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Canada’s trade gap shrinks but economists see weakness

Cargo is unloaded from a ship in the Centerm terminal in Vancouver February 17.

Jeff Vinnick/The Globe and Mail

Sometimes a shrinking trade deficit is not a sign of a better economy.

Canada's merchandise trade deficit shrank unexpectedly in October , and is now nearing balance at $169-million, versus a revised deficit of $1-billion in September, Statistics Canada reported Tuesday.

It was Canada's smallest trade deficit in seven months. The gap peaked in July at $2.7-billion.

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Most economists had expected the deficit to grow.

The catch is that the deficit was smaller in October largely because imports fell – down 1.2 per cent in dollar terms from a month earlier and 2.1 per cent in volumes.

Imports in seven of 11 categories tracked by Statscan posted declines in the month – a sign of "widespread economic weakness," according to Bank of Nova Scotia economist Derek Holt.

The export side of the equation was better. Exports rose $400-million or 1 per cent to $38.1-billion. Exports of agricultural products (up $400-million) and energy (up $200-million) led the way. The gain in energy exports was largely to due to higher prices for oil products.

Agricultural exports reached a record monthly high of $2.2-billion. But Export Development Canada said it a commentary that the "stunning" jump is unlikely to continue in the months ahead.

"Export growth remains weak, with the drop in imports providing all the boost," Bank of Montreal economist Sal Guatieri concluded in a research note. "With the U.S. facing uncertainty driven by the 'fiscal cliff,' Canadians exports will likely remain challenged into next year."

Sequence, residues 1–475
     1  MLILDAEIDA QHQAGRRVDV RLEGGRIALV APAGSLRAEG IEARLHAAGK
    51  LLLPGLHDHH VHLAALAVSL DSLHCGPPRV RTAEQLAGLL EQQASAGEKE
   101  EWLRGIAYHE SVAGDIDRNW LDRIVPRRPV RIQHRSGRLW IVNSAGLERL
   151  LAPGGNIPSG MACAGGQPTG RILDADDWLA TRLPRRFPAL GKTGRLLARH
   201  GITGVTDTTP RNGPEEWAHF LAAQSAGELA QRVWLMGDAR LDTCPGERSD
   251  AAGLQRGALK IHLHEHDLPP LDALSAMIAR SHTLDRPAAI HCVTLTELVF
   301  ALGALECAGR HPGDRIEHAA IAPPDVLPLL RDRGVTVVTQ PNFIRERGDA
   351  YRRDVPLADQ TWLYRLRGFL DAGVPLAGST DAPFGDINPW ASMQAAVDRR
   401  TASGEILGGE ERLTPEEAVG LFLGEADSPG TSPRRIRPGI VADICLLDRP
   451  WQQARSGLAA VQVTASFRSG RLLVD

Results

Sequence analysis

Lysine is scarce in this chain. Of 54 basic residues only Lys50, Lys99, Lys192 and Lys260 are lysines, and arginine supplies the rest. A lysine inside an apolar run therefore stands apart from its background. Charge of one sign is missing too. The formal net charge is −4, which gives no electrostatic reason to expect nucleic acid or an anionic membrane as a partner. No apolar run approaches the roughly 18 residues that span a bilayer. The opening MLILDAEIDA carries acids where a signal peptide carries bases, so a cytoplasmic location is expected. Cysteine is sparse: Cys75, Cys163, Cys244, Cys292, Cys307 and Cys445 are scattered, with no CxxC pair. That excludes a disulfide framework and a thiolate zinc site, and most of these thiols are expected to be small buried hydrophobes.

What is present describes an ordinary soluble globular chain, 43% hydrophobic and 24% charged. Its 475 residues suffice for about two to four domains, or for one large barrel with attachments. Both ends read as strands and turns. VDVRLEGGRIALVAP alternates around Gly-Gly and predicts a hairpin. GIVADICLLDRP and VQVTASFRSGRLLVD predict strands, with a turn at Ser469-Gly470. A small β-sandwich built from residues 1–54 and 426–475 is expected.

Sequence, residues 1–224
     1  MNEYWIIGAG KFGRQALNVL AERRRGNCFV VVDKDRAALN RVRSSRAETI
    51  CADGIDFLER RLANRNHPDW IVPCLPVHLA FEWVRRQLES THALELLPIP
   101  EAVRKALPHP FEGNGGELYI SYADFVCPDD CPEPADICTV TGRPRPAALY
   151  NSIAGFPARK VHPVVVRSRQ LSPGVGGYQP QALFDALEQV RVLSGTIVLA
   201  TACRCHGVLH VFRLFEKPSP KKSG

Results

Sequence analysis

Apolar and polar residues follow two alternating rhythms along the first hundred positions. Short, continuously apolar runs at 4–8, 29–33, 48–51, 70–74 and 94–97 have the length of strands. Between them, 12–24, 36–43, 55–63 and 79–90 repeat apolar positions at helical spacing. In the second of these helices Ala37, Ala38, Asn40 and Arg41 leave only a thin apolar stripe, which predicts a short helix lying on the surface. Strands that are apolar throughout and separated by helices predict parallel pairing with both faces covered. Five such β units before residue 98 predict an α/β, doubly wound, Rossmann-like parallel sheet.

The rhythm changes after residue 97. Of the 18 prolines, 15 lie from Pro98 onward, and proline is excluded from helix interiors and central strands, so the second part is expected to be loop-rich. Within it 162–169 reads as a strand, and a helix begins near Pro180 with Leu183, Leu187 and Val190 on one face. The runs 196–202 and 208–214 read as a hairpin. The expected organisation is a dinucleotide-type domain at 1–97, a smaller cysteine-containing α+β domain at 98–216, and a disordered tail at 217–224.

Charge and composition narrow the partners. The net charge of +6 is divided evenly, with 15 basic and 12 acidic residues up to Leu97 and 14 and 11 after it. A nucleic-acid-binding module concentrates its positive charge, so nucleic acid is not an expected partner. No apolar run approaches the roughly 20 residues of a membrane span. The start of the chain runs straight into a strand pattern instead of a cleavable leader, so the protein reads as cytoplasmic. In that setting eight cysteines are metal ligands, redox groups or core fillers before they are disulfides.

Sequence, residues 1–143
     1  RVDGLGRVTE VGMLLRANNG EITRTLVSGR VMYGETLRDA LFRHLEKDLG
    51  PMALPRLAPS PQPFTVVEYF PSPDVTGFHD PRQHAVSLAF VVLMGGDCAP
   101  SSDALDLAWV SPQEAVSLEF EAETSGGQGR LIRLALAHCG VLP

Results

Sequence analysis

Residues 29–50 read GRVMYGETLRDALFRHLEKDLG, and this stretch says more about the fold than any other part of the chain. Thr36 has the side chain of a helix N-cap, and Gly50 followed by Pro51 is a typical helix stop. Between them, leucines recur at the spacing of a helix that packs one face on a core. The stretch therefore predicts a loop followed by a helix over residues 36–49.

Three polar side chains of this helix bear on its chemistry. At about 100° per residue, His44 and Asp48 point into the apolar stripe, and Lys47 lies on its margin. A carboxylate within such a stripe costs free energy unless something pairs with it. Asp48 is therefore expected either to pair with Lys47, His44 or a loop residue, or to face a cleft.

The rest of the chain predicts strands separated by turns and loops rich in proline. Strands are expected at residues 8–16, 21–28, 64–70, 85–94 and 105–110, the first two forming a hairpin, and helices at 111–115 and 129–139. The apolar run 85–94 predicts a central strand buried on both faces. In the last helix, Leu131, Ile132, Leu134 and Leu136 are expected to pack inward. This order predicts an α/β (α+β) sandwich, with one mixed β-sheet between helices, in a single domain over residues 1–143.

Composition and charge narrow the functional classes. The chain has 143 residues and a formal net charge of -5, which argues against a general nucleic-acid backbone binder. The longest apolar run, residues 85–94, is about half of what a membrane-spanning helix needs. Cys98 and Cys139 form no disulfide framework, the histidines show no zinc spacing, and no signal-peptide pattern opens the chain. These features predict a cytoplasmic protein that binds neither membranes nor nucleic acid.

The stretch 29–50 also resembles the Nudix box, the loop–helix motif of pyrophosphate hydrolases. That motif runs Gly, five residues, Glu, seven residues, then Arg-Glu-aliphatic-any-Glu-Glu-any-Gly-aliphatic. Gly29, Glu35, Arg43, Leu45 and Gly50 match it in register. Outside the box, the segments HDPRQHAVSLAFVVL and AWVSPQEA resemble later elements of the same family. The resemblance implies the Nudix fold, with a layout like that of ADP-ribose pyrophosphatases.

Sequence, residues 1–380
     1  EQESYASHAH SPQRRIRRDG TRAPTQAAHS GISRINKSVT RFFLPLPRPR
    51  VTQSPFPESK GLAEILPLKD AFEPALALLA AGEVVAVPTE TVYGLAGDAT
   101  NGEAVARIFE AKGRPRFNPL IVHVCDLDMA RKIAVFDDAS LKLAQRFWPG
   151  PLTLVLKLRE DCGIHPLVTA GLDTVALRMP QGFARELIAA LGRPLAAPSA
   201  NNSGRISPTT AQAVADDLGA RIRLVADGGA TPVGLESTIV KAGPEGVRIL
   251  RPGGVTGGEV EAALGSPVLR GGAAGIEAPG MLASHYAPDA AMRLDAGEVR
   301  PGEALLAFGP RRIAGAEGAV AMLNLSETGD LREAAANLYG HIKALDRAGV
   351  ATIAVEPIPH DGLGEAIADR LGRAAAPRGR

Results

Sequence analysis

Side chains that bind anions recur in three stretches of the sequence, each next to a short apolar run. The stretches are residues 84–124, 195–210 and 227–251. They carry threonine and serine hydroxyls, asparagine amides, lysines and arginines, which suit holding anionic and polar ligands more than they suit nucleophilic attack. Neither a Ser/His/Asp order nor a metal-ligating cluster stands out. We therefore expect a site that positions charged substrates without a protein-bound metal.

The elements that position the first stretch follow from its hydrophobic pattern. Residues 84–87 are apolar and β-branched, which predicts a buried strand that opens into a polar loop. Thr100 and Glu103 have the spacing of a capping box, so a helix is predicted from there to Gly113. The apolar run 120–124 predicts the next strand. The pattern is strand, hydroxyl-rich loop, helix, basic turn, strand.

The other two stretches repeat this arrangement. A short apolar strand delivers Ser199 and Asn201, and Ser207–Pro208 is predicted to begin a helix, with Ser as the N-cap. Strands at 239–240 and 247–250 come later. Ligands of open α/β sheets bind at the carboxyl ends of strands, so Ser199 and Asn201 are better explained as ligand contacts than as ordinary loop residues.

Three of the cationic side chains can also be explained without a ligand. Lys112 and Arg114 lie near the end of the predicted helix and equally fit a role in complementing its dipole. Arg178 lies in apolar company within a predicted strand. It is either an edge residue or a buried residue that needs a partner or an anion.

Toronto-Dominion Bank economist Diana Petramala pointed out that exports have fallen nearly 10 per cent since last December.

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"The global economic soft patch has dealt the Canadian export sector a heavy blow through 2012," she said.

She also blamed the looming 'fiscal cliff' in the U.S., which has sapped business and consumer confidence as Americans brace for tax hikes and government spending cuts.

But Ms. Petramala expressed some optimism for export growth in the latter half of next year as both the "U.S. recovery gathers steam and China's economy stabilizes."

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About the Author
National Business Correspondent

Barrie McKenna is correspondent and columnist in The Globe and Mail's Ottawa bureau. From 1997 until 2010, he covered Washington from The Globe's bureau in the U.S. capital. During his U.S. posting, he traveled widely, filing stories from more than 30 states. Mr. McKenna has also been a frequent visitor to Japan and South Korea on reporting assignments. More


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